[0071] According to some of the example embodiments, new triggering events, which are specifically suitable for selective handovers, are defined. For example, an A7 event may be defined that is triggered only when the user equipment buffer raises above a specified threshold level for certain kind of bearers and the radio conditions with the serving cell becomes worse than a specified threshold.

[0072] According to some of the example embodiments, the source eNB may decide which bearers are to be handover based on the load situation at the source and target eNBs. For example, more bearers could be comprised in the selective handover if the target eNB is unloaded. Legacy X2 RESOURCE STATUS UPDATE messages could be employed to exchange the load status information between the source and target eNBs.

[0073] According to some of the example embodiments, a source eNB may configure a lower threshold value to trigger early measurements and when these measurements are received, the serving eNB may decide to initiate selective handover to the target eNB but with an empty bearer list (i.e. not handing over anything). The purpose of this "empty handover" may be to allow synchronization of the user equipment to the target eNB cell. In case such "empty" selective handover is carried out and the user equipment is synchronized to the target eNB cell, it will be possible to transmit future mobility signalling from both serving and target cell.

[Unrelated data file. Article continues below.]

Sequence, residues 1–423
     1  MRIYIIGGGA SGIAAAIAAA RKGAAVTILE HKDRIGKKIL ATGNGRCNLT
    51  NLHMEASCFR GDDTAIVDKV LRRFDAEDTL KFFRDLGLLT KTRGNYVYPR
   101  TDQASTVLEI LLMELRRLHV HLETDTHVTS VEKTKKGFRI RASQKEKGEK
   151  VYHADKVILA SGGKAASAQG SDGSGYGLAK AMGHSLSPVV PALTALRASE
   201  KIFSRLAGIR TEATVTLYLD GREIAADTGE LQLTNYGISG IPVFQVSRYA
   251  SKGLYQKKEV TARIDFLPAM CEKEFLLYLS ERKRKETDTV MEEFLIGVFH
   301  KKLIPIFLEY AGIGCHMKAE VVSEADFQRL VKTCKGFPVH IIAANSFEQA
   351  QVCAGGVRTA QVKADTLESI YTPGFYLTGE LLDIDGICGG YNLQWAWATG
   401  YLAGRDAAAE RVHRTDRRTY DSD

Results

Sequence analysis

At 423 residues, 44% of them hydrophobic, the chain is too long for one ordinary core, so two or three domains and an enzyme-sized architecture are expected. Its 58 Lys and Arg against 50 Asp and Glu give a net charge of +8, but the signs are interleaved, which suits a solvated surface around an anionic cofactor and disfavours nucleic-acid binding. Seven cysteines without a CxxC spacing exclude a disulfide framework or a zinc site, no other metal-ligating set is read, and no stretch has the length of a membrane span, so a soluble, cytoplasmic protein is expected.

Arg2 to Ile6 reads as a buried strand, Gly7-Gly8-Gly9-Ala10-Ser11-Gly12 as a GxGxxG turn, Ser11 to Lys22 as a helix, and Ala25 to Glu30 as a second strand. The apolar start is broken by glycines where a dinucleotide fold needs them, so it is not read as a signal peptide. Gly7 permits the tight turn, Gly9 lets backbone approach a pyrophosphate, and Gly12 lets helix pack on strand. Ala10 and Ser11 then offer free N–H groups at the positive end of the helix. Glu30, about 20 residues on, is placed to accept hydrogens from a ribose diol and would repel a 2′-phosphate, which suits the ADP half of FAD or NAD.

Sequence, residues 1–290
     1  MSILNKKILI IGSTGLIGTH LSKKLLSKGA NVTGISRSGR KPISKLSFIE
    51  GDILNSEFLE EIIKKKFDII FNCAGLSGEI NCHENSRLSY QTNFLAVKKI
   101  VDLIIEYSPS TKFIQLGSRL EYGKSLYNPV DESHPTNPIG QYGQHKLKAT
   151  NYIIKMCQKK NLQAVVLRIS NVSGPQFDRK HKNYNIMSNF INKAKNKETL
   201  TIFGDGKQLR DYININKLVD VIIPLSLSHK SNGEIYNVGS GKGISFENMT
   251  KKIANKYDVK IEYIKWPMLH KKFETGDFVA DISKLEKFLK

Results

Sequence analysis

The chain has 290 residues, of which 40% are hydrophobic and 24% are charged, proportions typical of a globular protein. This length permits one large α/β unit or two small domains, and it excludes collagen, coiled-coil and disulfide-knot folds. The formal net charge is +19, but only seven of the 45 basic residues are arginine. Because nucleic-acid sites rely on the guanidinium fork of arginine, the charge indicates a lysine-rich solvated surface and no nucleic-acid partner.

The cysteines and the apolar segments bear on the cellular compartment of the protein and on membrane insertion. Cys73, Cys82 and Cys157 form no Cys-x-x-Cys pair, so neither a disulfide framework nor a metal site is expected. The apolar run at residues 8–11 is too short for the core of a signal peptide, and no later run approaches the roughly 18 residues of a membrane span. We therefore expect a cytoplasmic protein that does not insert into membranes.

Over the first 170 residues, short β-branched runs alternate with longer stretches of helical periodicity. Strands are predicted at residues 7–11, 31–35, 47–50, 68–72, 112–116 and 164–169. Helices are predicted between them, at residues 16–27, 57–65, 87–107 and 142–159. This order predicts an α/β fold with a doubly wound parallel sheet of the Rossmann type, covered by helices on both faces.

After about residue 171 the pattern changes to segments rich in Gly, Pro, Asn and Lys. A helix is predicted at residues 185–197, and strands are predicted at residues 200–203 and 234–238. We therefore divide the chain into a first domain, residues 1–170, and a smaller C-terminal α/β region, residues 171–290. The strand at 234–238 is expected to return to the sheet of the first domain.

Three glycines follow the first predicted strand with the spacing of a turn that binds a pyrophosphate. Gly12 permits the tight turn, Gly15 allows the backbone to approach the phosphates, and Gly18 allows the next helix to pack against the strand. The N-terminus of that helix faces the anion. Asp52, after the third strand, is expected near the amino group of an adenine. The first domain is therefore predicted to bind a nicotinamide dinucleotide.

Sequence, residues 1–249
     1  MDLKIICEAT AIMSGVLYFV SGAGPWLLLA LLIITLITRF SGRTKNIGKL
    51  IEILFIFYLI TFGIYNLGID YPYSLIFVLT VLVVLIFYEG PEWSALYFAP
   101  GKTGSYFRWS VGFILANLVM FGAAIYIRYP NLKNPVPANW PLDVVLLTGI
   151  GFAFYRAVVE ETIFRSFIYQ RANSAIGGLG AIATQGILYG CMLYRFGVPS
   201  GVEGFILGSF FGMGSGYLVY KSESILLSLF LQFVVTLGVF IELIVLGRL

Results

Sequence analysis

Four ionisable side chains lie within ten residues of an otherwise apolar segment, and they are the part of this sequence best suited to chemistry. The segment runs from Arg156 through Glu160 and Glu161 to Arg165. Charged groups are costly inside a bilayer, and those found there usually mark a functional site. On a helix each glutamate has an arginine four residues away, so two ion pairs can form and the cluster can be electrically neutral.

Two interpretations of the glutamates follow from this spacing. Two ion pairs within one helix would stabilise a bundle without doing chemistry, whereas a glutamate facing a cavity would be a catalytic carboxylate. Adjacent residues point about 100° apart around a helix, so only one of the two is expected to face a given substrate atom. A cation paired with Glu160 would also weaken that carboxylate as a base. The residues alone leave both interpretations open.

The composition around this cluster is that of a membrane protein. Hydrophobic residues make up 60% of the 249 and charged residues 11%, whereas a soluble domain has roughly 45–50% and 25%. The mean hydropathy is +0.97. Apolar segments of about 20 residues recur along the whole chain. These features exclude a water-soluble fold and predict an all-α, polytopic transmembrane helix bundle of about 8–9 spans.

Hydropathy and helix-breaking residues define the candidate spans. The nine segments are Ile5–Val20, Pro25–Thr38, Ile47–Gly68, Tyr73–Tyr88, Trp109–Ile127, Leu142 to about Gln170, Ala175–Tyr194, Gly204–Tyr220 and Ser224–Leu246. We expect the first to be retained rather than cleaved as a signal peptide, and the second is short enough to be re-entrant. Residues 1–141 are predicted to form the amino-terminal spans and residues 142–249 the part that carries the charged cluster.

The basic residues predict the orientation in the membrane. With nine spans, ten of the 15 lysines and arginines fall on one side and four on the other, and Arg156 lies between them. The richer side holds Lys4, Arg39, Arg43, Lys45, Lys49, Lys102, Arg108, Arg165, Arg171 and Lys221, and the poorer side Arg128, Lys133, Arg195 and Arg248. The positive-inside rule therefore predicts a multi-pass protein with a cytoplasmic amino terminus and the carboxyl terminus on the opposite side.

[0074] According to some of the example embodiments, a source eNB may configure a higher threshold value in a measurement configuration, and when such measurement is triggered, the serving eNB initiates a full (legacy) handover towards the target eNB. It should be appreciated that the selection mechanisms described above may be used in any combination.

Initiation of the handover



[0075] According to some of the example embodiments, a source eNB may decide to initiate the handover of the signalling radio bearers towards the target eNB. After the handover the target becomes the anchor node (the termination point for the control plane) and the source becomes the assisting node. The source eNB may also choose to comprise some data radio bearers in this handover request. That is, after the handover, the source might handle some data radio bearers of the user equipment, while the target will handle all the signalling radio bearers and the other data radio bearers.